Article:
The report, “Lessons Learned” in the Front Range Flood of September 2013 is the result of a COGCC workshop held in Denver on February 6, the first public discussion of the flood damage in the gasfields.
According the report:
Energy companies shut down 2,658 wells, with about 89 percent of those, or 2,360 wells, returned to operation as of March 14.
All but five of the 1,614 wells in the COGCC’s designated flood zone were shut down. Those five wells, three of them owned by small companies, didn’t have remote shut-down capability — but none of those five wells were the source of flood-related spills.
The COGCC staff has made more than 3,400 on-site inspections related to the floods that swept through communities north of Denver between the foothills and the state line.
Spills resulting from the flood:
- About 48,250 gallons (1,150 barrels) of oil and condensate (a mixture of natural gas and water).
- More than 43,478 gallons (1,035 barrels) of produced water (a mixture of water and fluids used in hydraulic fracturing that flows out of a well).
Citing test results from samples taken by the Colorado Department of Public Health and Environment and the U.S. Geological Survey the report states: “These spilled materials were greatly diluted by the flood waters [and] … are now undetectable.”
Here are some suggestions which would only apply to wells and operations near waterways.
- Inventories of wells and equipment.
- Automatic shut-in valves for wells within a designated distance of the normal high-water mark. These were very effective during the September flood.
- No pits allowed within a designated distance of the high water mark.
- Secondary containment constructed of steel berms and synthetic liners around wells and tanks. No earthen berms.
- Tanks and equipment must be secured to the ground with anchors and cables.
- Structural fencing must be located upstream to protect the well site.
- Tanks and production equipment should be located as far from waterways as possible.
- COGCC should upgrade its emergency management procedures.
However Colorado has more than 5,900 oil and gas wells within 500 feet of named rivers and streams, and the number grows to 20,850 wells with the inclusion of dry drainage ditches that flood during heavy rains. Noticeably missing from the report are any suggestions to require greater setbacks from our waterways.
Which is why some conservationists are crying foul.
“This doesn’t go far enough,” said Bill Dvorak, a public lands organizer for the National Wildlife Federation. “We really need riparian setbacks to keep oil and gas operations away from streams.”
Laura Belanger, a water resources and environmental engineer with the Western Resources Advocates conservation group, said the only waterway setback rules in place now are designed to protect municipal water supplies, cold-water trout fisheries, and designated Gold Medal fishing waters. She hopes the issue of setbacks will be looked at when flooding regulations are considered. “Just having these important protections as recommendations is not sufficient,” she said. “I definitely think it’s very complicated and complex and needs to be looked at on a situational basis. But I think we need to remember that the waters of the state are a public resource and they need to be properly protected.”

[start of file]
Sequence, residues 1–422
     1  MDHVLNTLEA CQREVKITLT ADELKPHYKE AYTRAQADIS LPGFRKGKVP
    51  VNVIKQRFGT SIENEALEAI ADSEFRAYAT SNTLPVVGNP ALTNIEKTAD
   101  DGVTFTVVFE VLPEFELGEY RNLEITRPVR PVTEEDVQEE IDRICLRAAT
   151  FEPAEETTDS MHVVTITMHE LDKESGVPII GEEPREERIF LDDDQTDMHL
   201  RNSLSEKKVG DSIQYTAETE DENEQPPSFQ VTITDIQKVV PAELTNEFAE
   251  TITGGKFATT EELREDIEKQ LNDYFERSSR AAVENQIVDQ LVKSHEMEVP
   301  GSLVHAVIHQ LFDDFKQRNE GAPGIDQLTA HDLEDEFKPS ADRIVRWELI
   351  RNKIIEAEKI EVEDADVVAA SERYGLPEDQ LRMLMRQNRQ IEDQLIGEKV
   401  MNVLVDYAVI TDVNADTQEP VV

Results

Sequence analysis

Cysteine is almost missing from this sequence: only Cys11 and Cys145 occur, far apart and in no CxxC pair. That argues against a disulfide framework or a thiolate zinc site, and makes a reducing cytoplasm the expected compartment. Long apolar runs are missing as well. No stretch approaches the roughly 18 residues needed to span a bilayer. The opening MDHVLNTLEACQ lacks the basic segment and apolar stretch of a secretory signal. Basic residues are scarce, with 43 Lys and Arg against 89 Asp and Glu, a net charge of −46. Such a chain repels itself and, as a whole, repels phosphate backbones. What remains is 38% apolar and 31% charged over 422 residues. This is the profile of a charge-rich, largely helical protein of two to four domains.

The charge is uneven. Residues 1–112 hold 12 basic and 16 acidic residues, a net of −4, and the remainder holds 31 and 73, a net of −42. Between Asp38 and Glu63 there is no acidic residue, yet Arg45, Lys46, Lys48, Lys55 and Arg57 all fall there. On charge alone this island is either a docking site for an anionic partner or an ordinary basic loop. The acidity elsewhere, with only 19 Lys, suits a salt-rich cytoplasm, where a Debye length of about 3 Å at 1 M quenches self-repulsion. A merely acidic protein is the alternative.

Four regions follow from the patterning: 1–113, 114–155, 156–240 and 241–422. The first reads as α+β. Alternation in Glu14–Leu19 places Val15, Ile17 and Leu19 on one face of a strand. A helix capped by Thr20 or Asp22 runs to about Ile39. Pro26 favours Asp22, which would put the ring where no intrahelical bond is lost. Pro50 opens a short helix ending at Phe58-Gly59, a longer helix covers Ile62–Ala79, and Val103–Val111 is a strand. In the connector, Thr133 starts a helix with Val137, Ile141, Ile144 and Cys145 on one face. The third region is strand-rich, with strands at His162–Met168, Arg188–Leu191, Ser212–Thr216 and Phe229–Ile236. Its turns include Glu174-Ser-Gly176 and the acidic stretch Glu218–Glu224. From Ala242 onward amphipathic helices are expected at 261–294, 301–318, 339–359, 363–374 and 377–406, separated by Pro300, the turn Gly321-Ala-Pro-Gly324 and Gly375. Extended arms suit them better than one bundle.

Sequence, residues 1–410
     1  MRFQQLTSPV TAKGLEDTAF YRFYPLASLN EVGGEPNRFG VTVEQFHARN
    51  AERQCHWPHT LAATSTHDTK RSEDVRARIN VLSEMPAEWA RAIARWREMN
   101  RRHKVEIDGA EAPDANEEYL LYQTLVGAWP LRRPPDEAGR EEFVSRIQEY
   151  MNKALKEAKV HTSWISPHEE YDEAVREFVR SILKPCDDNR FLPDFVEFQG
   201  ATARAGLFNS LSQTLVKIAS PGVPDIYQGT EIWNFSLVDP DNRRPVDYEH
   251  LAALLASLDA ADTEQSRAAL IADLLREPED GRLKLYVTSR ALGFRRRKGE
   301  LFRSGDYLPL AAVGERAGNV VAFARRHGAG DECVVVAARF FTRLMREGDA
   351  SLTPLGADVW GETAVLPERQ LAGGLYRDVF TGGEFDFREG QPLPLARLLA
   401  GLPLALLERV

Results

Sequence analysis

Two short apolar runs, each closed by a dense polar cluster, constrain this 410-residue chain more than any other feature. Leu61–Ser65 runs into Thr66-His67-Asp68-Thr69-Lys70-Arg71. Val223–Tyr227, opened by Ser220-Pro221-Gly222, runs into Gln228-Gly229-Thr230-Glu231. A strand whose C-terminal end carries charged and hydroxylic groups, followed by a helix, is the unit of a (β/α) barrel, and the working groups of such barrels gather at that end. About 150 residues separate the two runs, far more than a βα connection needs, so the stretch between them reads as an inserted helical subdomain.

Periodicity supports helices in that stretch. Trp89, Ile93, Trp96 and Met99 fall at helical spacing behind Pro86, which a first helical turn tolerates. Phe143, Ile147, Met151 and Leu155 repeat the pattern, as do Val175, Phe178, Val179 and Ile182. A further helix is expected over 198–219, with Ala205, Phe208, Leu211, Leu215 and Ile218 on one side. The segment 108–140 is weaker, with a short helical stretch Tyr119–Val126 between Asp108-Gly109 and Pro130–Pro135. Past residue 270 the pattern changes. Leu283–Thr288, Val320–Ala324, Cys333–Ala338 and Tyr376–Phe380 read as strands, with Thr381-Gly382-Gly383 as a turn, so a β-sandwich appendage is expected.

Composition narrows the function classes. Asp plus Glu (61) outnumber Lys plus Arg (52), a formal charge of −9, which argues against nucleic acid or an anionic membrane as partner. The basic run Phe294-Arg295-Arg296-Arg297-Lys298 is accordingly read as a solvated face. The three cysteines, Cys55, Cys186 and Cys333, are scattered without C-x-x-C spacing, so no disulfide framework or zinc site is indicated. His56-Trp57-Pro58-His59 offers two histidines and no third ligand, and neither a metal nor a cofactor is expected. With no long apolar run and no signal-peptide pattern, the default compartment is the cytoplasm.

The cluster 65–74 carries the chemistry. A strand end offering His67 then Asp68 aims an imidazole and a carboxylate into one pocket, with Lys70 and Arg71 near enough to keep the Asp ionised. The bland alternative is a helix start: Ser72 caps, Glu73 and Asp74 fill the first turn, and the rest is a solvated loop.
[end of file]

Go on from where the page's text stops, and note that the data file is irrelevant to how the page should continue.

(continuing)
Commission spokesman Alan Gilbert said commissioners will discuss the report’s findings at their next meeting April 28 and decide which, if any, new regulations are needed. “New rules typically take six months to a year or more to promulgate. In this instance, the commission said … that it understands the need to move as quickly as reasonably possible with this process.”
“We are sure there will be vigorous discussion about the best ways to proceed with industry and others,” Gilbert said. “But we welcome that vigorous discussion. It always makes the regulation or policy better.”
Of course, any new regulations will only be considered as long as the oil & gas industry doesn’t mind too very much.
And boy howdy, do they ever mind.
In a statement also released on Monday, Colorado Oil and Gas Association (COGA) President and Chief Executive Tisha Schuller said, “The floods were a difficult and trying event for everyone, and we are proud at our ability to engage meaningfully in the response and recovery of our Colorado communities. The flood report reiterated facts supporting that Colorado’s oil and gas industry was extraordinarily well prepared, responded in real time, and is committed to Colorado’s recovery.
“Our industry prepares for all sorts of disasters with emergency response plans and drills; in this case, we were quick to respond with remote and manual shut-in of wells, deployment of thousands of employees, and implementation of 24-hour emergency operations centers.
“COGA does not believe any legislative or statutory changes are necessary. We will continue to work with the commission to share lessons learned and continually improve best management practices.”
Denver Business Journal: Colorado issues oil & gas recommendations after historic 2013 flood
Northern Colorado Business Report: Report recommends changes to oil/gas regs
Daily Sentinel [subscribers only]: New rules needed for well safety, report says